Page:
The twelve-course feast took almost eight hours to eat. At eight that evening everyone was full and there were still two courses to go.

'We don't eat like this all the time,' Jack told his friends when they had finished. 'We go on a health-food kick about once a month. If we didn't, I would get so fat I couldn't fit into any of my Maverick clothes.

On the other hand, Donna, known professionally as May Wynn, tips the scale at a delicate 105 and doesn't worry about gaining weight. 'I grew up in an Italian-Irish section of New York. I was the most famous kid in the neighborhood because I could eat more than anyone else in my family. To my Italian friends that was the best compliment one could give them.'

Culinary Courtship

Jack and Donna are currently writing a cook book which will be published in the near future. All of the recipes are original and since cooking for each other was, and has been, an important part of their courtship and marriage, they are writing their own love story around the different dishes. Appropriately, they have titled the book, 'Love 'N' Oven'.

'When I was dating Jack,' recalls Donna, 'we didn't like to go out for dinner very much. It was more fun to cook for each other and when he would call I'd tell him to bring a steak and we would have a bar-b-que.'

'This was great', retorts Jack, 'but more often than not she would call me back and tell me to bring enough steak for eight people. She was always having friends drop by unexpectedly. It got so expensive I finally had to marry her. Now I'm lucky if we get away with serving only eight.'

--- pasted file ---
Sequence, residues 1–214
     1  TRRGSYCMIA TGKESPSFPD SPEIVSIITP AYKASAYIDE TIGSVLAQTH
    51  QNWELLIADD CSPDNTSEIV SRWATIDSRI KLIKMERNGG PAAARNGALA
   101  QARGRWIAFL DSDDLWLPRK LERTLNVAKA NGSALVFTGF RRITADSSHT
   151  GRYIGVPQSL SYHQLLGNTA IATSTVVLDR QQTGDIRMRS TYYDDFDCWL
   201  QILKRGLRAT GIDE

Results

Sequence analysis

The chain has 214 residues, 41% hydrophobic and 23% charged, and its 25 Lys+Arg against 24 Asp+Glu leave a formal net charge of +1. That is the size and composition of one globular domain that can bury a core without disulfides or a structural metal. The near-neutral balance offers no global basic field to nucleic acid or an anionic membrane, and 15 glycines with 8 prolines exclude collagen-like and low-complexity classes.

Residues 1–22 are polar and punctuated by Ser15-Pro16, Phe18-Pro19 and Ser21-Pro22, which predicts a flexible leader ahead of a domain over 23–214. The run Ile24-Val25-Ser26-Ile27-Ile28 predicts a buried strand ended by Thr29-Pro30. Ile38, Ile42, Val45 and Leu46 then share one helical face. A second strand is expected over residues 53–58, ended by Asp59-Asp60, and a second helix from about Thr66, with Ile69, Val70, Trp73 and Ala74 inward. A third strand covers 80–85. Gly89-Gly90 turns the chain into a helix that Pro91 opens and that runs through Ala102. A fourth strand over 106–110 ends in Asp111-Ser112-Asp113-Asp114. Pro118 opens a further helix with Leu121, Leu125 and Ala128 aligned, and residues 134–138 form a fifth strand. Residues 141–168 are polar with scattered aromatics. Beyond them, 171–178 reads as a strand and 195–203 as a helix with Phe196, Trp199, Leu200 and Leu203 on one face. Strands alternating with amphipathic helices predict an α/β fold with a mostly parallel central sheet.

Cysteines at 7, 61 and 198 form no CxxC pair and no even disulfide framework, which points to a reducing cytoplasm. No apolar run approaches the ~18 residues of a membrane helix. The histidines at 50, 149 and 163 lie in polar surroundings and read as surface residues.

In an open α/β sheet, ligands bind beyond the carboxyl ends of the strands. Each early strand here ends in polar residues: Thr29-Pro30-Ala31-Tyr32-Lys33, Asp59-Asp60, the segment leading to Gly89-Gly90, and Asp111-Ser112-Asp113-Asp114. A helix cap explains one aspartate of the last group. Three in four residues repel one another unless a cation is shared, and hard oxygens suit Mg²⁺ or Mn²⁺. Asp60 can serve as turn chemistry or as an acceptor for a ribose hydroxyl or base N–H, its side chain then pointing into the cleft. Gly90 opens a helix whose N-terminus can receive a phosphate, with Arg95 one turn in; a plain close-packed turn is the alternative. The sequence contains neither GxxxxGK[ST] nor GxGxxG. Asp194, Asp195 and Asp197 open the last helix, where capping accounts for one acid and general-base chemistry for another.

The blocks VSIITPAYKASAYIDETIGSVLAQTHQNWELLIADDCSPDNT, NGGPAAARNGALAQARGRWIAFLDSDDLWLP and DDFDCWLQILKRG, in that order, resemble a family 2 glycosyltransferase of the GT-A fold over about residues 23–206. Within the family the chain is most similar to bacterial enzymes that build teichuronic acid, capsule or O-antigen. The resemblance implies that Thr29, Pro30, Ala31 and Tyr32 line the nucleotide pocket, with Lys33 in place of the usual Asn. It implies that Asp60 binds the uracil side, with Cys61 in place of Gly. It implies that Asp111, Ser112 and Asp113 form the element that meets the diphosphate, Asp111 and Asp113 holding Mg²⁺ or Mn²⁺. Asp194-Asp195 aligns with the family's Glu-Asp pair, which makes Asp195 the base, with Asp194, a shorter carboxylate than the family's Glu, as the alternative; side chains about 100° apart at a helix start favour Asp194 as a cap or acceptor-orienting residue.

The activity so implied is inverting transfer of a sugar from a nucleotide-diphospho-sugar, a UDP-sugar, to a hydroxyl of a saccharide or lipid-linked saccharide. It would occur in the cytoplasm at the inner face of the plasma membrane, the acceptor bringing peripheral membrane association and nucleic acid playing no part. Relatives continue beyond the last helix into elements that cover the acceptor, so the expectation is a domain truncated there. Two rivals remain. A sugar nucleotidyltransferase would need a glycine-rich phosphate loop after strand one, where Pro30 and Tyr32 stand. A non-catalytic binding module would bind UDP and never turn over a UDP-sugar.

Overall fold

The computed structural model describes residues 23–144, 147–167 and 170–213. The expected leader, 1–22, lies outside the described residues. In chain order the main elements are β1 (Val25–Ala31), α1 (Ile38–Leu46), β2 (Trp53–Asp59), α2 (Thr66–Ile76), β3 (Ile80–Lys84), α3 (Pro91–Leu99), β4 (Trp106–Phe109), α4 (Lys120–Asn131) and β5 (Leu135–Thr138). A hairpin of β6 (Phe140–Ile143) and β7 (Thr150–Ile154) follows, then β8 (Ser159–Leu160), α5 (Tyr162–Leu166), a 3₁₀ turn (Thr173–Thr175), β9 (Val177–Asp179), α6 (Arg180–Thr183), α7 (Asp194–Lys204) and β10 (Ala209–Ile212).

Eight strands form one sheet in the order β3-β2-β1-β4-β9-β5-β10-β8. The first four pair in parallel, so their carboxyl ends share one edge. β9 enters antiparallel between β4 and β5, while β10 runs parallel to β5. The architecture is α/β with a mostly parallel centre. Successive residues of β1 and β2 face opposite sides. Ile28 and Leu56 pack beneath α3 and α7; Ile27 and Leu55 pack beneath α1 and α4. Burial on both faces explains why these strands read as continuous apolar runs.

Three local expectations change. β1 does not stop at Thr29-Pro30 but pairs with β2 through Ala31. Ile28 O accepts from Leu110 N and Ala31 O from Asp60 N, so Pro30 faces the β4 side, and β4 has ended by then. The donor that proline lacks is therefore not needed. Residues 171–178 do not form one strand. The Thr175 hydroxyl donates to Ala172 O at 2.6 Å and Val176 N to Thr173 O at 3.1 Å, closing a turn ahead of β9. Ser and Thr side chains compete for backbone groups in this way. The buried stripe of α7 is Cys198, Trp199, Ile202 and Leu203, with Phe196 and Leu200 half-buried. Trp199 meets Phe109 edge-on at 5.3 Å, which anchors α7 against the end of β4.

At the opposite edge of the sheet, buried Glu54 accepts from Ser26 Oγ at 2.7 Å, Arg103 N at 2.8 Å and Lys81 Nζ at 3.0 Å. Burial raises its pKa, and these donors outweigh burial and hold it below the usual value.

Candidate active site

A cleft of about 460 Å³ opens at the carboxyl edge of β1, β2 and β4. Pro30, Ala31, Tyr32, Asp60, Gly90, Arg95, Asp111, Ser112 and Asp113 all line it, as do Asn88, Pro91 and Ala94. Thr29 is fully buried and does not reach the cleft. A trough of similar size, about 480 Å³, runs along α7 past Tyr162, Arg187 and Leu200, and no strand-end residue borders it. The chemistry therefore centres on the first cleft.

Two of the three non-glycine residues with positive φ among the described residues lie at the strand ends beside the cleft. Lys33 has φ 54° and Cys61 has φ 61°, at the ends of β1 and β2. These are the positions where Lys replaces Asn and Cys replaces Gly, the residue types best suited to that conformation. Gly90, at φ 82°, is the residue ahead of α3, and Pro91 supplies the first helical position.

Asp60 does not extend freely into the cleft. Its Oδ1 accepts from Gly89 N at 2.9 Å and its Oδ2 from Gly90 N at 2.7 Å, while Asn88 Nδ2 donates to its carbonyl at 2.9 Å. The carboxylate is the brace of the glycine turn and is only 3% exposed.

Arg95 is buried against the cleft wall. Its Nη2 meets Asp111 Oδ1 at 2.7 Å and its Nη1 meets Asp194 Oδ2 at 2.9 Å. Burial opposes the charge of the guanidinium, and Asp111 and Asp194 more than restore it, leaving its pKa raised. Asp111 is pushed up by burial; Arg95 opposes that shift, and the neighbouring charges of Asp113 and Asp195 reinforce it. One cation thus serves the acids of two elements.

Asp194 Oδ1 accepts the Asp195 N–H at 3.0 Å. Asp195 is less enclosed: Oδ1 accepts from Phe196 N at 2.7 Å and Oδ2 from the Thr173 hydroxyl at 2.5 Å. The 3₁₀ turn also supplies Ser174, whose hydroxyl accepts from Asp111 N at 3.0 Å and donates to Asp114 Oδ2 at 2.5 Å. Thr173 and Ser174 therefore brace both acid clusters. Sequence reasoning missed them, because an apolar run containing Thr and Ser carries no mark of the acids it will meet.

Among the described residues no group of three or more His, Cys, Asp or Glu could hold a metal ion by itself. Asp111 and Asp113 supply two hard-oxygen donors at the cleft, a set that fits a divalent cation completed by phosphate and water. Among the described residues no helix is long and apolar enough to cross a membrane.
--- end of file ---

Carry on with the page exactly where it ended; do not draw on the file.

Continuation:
According to Jack there is only one drawback to their three-day Italian cooking sprees. Being Catholics, they don't eat meat on Friday so they can't taste the sauces while they are being prepared. The aroma really tortures them.

'But you should see us on Saturday morning,' says Donna. Kelly and I race for the cooking pot to be the first to taste our concoction.'

The Kelly kitchen, which is very large considering the smallness of their one-bedroom cottage, is well-equipped for their cooking artistry. But in the space meant for a large modern range, there stands a small stove. 'There are only four burners on top,' explained Jack, 'but take a look at that 30-inch oven. We used to have a seven-hundred dollar range but we gave it away to charity because it had a normal-sized oven. We picked up this 30-inch job on sale for a hundred and fifty bucks.' This little-big oven, which is their pride and joy, has seen the lion's share of use. Last year, Donna cooked a 30-pound roast beef in it.

'It was a monster,' Donna remembers. 'I could hardly lift it and it was bigger around than I am. We took a picture of it.'

So, in the evenings after a day on the golf course together, when Jack isn't working, Jack and Donna are usually busy before their huge fireplace compiling recipes, checking ingredients or experimenting in the kitchen with new ideas.

All of their recipes include one thing, says Jack: 'Taste frequently and season with lots of love.'" :)

It's a shame that Jack and Donna's cookbook was never published. Oh well, there's always something cookin' in TDS--please stay tuned! :)